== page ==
Abi Maxwell's (Lake People) second novel, The Den, features cleverly interwoven stories about two pairs of sisters on the same land 150 years apart.
In modern-day New England, sisters Henrietta and Jane, ages 15 and 12, live in an old farmhouse on the outskirts of a small town. Jane is distressed when Henrietta starts to distance herself from her family after meeting a boy from town, and she follows the young couple, hoping to get close to her sister again. One night, Henrietta disappears without a trace, leaving her parents and Jane distraught and stunned.
On the same property, 150 years earlier, Elspeth Ross lives in a small cabin in the woods with her husband, who works at the local mill, and their three sons. She hated to leave her beloved younger sister, Claire, and her parents behind in Scotland, but Elspeth was forced to move with her new husband to hide her pre-wedding pregnancy. After a series of violent incidents involving the mill owner, Elspeth and her family leave town without a trace.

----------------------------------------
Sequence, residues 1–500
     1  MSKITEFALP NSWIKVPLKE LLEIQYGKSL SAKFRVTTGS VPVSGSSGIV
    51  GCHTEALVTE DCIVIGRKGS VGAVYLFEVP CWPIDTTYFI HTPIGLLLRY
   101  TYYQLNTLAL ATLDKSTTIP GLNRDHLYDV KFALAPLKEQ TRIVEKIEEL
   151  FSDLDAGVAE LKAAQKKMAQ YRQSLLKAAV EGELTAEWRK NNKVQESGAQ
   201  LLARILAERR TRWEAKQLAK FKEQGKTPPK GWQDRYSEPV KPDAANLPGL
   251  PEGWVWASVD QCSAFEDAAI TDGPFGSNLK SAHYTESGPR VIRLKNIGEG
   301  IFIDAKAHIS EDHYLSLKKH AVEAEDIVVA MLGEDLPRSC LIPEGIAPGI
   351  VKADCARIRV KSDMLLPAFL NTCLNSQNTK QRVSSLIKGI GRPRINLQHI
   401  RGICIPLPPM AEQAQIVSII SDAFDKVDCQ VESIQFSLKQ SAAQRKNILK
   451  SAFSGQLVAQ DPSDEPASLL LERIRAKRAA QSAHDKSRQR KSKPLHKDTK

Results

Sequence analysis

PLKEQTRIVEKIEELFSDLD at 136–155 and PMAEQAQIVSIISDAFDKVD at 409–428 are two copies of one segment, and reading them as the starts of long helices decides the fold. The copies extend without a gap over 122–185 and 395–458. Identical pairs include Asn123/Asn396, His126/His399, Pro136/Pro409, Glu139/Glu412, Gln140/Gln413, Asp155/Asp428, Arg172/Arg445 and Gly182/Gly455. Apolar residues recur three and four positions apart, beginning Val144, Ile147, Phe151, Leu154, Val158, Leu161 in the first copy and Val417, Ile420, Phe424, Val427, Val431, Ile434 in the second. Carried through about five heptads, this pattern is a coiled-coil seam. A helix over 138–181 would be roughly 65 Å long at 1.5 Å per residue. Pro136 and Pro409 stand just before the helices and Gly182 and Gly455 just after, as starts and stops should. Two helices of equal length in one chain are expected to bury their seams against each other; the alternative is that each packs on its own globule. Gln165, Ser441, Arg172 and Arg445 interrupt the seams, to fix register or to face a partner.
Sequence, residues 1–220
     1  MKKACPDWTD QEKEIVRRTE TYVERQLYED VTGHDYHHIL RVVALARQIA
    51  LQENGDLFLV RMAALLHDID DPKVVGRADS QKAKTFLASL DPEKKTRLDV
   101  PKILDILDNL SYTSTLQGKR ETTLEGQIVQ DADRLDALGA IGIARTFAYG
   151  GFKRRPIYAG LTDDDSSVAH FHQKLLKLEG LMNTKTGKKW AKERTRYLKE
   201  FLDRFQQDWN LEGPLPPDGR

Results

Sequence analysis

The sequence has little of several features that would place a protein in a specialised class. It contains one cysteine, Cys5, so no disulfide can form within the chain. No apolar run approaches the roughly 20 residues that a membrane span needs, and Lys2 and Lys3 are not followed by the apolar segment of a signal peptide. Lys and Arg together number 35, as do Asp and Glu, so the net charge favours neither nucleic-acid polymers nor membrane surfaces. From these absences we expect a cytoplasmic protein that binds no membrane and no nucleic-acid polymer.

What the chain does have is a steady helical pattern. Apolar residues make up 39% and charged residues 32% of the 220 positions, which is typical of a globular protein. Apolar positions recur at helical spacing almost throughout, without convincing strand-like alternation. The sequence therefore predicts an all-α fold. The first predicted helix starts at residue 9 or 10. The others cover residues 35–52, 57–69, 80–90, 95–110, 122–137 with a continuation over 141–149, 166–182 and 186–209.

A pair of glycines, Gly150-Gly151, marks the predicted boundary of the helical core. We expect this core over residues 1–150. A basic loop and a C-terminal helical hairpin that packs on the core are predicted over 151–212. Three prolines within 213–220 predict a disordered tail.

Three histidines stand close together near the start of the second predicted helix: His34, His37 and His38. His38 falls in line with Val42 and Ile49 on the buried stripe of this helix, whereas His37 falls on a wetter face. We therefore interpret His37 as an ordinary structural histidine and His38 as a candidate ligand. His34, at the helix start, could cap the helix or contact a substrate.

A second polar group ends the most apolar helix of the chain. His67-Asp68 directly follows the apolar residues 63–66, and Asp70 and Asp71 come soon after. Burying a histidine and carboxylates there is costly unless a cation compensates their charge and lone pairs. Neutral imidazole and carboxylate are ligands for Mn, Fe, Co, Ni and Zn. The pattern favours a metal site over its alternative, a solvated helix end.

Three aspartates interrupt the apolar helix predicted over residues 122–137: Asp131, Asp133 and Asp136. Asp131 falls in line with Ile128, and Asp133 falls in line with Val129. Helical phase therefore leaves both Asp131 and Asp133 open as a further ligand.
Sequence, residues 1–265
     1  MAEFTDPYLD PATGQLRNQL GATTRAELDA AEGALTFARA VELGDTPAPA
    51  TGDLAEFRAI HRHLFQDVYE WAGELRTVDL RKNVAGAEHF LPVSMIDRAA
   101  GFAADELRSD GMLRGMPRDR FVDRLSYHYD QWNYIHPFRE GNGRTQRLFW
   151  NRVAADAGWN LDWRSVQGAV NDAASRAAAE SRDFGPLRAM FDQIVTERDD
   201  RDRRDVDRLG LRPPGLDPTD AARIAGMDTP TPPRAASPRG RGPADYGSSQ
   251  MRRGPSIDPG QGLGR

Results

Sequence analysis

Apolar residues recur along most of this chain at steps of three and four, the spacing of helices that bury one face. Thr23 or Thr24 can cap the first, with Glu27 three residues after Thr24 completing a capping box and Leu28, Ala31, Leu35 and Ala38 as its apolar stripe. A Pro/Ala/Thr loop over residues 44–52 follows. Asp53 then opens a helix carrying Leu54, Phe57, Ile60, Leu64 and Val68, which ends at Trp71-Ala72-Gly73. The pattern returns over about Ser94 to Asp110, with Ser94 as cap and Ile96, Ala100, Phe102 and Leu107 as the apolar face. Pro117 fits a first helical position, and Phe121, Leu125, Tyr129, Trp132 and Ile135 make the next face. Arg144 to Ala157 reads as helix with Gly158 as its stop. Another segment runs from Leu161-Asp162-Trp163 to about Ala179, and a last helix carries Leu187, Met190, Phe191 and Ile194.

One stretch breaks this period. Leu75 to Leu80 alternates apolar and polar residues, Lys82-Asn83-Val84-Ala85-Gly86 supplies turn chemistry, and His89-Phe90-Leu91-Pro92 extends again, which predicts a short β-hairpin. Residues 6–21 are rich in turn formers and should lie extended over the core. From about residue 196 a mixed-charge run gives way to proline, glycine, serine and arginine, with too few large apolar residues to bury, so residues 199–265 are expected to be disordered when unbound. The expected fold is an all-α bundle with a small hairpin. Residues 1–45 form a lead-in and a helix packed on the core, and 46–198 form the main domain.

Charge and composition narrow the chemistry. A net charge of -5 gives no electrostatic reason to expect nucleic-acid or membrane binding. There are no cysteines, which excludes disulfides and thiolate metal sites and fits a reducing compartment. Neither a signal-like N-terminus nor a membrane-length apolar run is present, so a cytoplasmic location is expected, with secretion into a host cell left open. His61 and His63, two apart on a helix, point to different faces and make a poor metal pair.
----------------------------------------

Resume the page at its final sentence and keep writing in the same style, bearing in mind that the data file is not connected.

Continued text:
These two stories are intricately connected, not only by the locations and similarities but also by a fantastical story about the Rosses' disappearance in a local book that Henrietta and Jane's father read to them over and over. In both cases, the older sisters vanish under mysterious circumstances, while their younger sisters pine for them. This intriguing story of two families separated by time also explores desire, shame and secrets. --Suzan L. Jackson, freelance writer and author of Book By Book blog